Security teams should lean on other security measures, such as anomaly detection tools that can identify suspicious emails without relying on historical attack rules and static data. While DMARC is not a silver bullet for email security, it is nevertheless foundational in helping organizations protect their brand identity and must be viewed as an essential layer in an organization's overall cyber security strategy.  

Implementing DMARC

Despite the criticality of DMARC for preserving brand reputation and trust, adoption of the standard has been inconsistent. DMARC can be complex to implement with many organizations lacking the time required to understand and successfully implement the standard. Because of this, DMARC set-up is often outsourced, giving security and infrastructure teams little to no visibility into or control of the process.  

Implementation of DMARC is only the start of this process, as DMARC reports must be consistently monitored to ensure organizations have visibility into who is sending mail from their domain, the volume of mail being sent and whether the mail is passing authentication protocols. This process can be time consuming for security teams who are already faced with mounting responsibilities, tight budgets, and personnel shortages. These complexities unfortunately delay organizations from using DMARC – especially as many today still view it as a ‘nice to have’ rather than an essential.  

With the potential complexities of the DMARC implementation process, there are many ways security and infrastructure teams can still successfully roll out the standard. Initial implementation should start with monitoring, policy adjustment and then enforcement. As business changes over time, DMARC should be reviewed regularly to ensure ongoing protection and maintain domain reputation.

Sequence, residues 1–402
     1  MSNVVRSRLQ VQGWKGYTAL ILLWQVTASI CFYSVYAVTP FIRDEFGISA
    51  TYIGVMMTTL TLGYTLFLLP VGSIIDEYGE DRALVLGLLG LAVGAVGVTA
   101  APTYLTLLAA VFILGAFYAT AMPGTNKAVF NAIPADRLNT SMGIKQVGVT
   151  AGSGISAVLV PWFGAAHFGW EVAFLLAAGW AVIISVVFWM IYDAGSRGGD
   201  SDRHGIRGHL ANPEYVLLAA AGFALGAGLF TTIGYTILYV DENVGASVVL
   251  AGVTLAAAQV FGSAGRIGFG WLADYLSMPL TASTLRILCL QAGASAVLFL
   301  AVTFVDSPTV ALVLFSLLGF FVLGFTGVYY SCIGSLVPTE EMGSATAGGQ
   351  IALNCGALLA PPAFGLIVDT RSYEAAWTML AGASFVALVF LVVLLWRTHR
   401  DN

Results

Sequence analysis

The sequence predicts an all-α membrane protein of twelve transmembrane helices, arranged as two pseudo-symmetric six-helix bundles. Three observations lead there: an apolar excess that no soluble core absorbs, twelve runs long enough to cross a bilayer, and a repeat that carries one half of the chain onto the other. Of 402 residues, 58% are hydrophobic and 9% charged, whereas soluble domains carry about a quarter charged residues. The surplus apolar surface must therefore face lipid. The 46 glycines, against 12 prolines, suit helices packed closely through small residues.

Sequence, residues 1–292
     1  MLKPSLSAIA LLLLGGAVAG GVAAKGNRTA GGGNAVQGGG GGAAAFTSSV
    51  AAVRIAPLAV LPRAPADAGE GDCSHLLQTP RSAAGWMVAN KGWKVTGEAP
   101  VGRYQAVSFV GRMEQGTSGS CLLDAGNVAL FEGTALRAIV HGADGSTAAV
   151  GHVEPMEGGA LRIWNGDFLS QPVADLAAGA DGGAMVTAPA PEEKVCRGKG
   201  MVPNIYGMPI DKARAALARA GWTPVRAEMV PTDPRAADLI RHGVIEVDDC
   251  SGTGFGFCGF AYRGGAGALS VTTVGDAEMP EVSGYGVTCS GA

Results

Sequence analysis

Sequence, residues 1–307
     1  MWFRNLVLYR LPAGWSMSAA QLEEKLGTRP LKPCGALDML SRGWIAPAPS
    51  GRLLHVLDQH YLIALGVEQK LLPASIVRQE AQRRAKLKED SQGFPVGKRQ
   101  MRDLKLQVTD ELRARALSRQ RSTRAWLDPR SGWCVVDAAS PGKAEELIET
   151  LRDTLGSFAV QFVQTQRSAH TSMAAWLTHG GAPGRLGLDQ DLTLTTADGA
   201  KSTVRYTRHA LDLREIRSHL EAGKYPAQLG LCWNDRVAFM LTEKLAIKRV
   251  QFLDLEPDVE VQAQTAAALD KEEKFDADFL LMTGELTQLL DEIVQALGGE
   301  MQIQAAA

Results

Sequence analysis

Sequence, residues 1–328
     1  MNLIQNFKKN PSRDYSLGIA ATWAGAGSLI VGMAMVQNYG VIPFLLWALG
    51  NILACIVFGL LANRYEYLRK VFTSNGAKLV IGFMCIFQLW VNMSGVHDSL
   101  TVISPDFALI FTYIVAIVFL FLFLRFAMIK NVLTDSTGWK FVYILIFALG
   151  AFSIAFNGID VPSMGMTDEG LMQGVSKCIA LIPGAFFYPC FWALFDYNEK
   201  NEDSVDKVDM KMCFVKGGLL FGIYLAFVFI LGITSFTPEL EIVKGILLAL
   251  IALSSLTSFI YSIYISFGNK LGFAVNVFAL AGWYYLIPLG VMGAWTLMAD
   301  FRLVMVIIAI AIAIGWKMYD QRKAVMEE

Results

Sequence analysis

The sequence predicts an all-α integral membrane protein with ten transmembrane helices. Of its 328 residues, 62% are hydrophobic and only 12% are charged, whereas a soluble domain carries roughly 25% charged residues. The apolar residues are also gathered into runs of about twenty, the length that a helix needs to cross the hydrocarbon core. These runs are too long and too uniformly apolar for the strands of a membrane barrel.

The Future of Email Security

As email-based attacks continue to rise, the industry must recognize the importance of driving adoption of foundational email authentication protocols. To do this, a new and innovative approach to DMARC is needed. DMARC products must evolve to better support organizations throughout the ongoing DMARC monitoring process, rather than just initial implementation. These products must also be able to share intelligence across an organization’s security stack, extending beyond email security tools. Integration across these products and tools will help organizations optimize their posture, ensuring deep understanding of their domain and increased visibility across the entire enterprise.

DMARC is critical in protecting brand identity and mitigating exact-domain based attacks. However, organizations must understand DMARC’s unique benefits and limitations to ensure their inboxes are fully protected. In today’s evolving threat landscape, organizations require a robust, multi-layered approach to stop email threats – in inbound mail and beyond. Email threats have evolved – its time security does too.

Join Darktrace on 9 April for a virtual event to explore the latest innovations needed to get ahead of the rapidly evolving threat landscape. Register today to hear more about our latest innovations coming to Darktrace’s offerings. For additional insights check out Darktrace’s 2023 End of Year Threat Report.

Credit to Carlos Gray and Stephen Pickman for their contribution to this blog

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About the author
Carlos Gray
Product Manager